# What would be the best way to power a 200W motor?

I'm trying to build my own battery pack as part of an electric scooter project I'm working on. The motor I have is 200W 24V and is rated at 11 A. I've explored using six 18650 Lithium ion cells for this, but it still doesn't produce 200W because these cells are 2600 mAh and there aren't any 18650s that will give me 11 A. Also tried using three 9V batteries but those are 8 milliamperes which does not work at all. Any suggestions? How should I go about powering this motor? What kinds of cells should I use? I'd like to make my own battery pack instead of buying them.

• Well, the fact that the motor is rated for 200 W, 24 V, and 11 A doesn't mean that you actually need that much power, voltage or current in order to spin it. Have you investigated how much voltage, current, and so forth your motor actually needs? Also, is it a DC motor or an AC motor? Jul 6, 2021 at 17:22
• You probably want to assume an average consumption of 100 W and at 24 V that will be 4 A. Next figure out how long you want it to run for. If you want a one hour run time then you'll need 4 Ah plus, say, 50% extra, so go for at least 6 Ah. Jul 6, 2021 at 17:24
• You will need a method to balance the pack. Since this is only 6S, you could use a balance plug instead of a BMS. It also sounds like you may be confusing mAh (capacity) and amps (output current). The output current of cells is usually described as a C rating. You may need multiple cells in parallel to reach 11A output.
– Drew
Jul 6, 2021 at 17:24
• 2600 mAh is not a measurement of instantaneous current ... it is a measurement of how long the cell can provide some specified current before the output voltage drops to some specified level ... 2600 mAh could be 10.4 A over a period of 15 minutes, or it could be 130 mA over a period of 20 hours ... read the cell datasheet Jul 6, 2021 at 17:49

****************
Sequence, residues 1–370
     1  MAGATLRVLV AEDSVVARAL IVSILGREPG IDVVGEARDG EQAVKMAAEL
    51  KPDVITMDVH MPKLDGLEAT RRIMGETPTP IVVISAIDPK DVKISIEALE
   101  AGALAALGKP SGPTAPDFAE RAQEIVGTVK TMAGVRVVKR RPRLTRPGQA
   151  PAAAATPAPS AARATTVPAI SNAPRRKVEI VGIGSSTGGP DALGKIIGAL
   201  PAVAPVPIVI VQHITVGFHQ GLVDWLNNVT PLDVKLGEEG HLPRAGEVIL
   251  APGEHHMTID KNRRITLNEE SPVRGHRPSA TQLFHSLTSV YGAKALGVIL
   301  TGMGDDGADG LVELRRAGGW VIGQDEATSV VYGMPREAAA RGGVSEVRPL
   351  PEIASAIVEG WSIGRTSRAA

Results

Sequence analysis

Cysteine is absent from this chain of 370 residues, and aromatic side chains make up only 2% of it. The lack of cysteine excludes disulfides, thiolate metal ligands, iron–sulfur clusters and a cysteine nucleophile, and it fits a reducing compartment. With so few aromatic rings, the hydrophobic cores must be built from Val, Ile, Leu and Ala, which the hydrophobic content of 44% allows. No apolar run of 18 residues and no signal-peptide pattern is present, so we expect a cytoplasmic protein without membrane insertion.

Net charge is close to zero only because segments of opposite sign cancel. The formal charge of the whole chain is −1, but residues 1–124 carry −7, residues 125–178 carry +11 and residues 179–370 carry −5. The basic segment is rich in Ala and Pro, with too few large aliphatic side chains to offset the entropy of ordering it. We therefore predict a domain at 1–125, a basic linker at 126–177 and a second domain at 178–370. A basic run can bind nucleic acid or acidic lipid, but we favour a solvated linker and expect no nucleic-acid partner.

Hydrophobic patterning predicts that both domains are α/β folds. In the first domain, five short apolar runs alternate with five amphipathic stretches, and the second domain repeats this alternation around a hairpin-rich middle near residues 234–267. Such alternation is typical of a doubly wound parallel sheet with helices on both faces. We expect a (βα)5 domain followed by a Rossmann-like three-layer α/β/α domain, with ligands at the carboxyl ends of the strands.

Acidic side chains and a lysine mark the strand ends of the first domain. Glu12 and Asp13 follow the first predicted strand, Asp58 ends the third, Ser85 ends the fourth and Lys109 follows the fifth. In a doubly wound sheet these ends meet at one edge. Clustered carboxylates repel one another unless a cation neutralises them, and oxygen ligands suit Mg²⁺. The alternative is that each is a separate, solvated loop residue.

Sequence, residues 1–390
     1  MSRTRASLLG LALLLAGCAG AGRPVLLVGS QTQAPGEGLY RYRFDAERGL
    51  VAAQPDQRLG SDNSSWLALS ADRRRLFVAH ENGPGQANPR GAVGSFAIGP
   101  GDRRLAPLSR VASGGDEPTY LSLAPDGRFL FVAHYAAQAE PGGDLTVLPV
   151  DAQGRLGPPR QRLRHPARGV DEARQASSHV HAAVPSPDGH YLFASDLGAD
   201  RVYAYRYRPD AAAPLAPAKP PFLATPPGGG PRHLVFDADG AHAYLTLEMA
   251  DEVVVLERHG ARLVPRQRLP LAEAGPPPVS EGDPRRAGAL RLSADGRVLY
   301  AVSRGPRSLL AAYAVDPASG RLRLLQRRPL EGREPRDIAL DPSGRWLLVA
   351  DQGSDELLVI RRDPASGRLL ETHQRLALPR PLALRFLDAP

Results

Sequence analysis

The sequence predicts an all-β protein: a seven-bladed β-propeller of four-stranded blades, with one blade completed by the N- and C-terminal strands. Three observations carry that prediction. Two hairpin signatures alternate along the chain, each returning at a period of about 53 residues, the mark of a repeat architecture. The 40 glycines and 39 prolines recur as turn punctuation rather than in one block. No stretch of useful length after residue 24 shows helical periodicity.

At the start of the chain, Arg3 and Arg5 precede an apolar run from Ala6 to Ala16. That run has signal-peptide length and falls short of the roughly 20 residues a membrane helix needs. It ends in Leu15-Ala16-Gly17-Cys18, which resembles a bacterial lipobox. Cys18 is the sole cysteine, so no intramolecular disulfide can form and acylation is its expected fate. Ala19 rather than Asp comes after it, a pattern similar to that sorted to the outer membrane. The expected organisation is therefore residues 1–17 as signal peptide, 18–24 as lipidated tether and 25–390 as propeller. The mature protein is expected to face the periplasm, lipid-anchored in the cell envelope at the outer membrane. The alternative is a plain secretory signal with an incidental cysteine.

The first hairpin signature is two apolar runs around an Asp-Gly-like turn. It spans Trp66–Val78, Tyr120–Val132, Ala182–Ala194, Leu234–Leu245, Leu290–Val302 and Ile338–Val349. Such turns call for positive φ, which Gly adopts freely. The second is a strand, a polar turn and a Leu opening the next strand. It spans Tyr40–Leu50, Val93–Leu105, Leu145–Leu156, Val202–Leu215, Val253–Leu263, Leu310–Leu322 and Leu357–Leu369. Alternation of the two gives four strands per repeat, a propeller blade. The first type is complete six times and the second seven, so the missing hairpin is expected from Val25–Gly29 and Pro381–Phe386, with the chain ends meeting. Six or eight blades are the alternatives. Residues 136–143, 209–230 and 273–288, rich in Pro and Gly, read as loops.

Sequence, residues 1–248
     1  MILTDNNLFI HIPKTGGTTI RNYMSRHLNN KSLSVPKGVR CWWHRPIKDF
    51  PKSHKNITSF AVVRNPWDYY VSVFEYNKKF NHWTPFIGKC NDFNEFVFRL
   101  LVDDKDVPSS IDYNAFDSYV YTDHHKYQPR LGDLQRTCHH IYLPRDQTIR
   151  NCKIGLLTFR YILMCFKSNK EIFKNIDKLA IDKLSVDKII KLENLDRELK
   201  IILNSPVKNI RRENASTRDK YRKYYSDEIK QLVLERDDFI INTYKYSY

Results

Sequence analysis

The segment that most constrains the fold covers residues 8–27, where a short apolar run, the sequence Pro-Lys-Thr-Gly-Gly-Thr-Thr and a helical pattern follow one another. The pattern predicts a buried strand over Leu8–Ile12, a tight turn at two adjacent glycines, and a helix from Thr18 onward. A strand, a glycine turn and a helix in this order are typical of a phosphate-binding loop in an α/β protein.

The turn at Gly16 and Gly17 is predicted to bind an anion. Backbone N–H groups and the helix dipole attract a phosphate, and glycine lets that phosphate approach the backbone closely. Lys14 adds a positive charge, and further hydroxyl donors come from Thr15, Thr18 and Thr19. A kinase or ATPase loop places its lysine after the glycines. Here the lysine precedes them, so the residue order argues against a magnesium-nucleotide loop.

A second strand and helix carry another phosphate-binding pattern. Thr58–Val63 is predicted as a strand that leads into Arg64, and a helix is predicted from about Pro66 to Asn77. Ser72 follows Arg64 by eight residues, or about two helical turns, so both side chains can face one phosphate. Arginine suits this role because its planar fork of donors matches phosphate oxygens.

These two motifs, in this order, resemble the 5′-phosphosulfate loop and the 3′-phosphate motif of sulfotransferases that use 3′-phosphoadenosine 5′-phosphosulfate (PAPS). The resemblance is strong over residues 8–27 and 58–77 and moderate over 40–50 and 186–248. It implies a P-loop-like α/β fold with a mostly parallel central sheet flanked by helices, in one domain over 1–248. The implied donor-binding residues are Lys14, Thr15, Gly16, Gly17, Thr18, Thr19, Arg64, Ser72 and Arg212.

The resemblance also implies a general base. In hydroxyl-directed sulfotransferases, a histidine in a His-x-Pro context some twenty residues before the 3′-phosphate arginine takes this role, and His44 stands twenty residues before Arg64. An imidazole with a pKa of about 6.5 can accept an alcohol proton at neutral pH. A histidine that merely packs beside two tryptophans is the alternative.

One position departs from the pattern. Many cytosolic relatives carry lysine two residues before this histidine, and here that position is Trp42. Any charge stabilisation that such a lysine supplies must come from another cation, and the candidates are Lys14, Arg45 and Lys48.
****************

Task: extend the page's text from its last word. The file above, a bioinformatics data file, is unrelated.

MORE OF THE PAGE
• You keep mentioning batteries with low mAh ratings. 9 mAh is enough to light an LED for an hour. It won't run a scooter. Jul 6, 2021 at 19:34

I've explored using six 18650 Lithium ion cells for this, but it still doesn't produce 200W because these cells are 2600 mAh and there aren't any 18650s that will give me 11 A.

18650 cells that can supply more than 11 A are available, but you will be limited by capacity. Larger cells generally have higher current rating as well as higher capacity, so I suggest using 26650 size cells. Six 5200 mAh 26650 cells in series would provide the power you want with about twice the run time of 18650 cells. Assuming you don't use more than 80% of the battery capacity and the average current is 7 A, you should get ~5.2 x 0.8 / 7 = 0.6 hours or 36 minutes.

However in the comments you say that you can't spend more than $30 on the batteries, but 6 quality cells (not eBay fakes) will probably cost more than$30. I suggest increasing your battery budget by a few dollars, rather than compromising performance and wasting all the money spent on this project.

What kinds of cells should I use? I'd like to make my own battery pack instead of buying them.

Li-ion cells are probably the best for you because they have higher power and energy to weight ratio than Lead Acid or NiMH, and are safer and more robust than Lithium-polymer.

• Thank you all so much for your help! I've learned so much and I think I can do it now! Just to make sure I got this, 26650 cells are about 3.3V, so 6 of them in series gives me about 20V and 5200mAh. This means, at 11 A, it will provide 200W to the motor and will run for about 20 minutes right? Jul 8, 2021 at 22:42
• To connect these, I'm planning on getting a mini spot welder for about \$40. Is there any specific kind of nickel strip (dimensions, thickness ,etc.) that would be optimal? Again, planning on making the battery pack 20V 5200mAh and I want it to supply about 10A, so my motor is receiving 200W. Jul 8, 2021 at 22:51
• Also, my Liyafa BMS should be good for this right? I'll post link for the BMS and for the power adapter I have. For safety, could my batteries explode just by using them? Will they overheat or something? If that is a risk, should I get an aluminum or steel box to put them in? Jul 8, 2021 at 23:01
• BMS: amazon.com/gp/product/B07RRTMMZT/… Power Adapter: amazon.com/gp/product/B00GO8LJ6Q/… Jul 8, 2021 at 23:23

If you can find a supply of old laptops, then it's possible to disassemble the battery packs. But you would have to test each cell individually, to work out which ones are good and which ones are failing. Six 18650s isn't going to be enough. You would need more of them, in a series-parallel arrangement.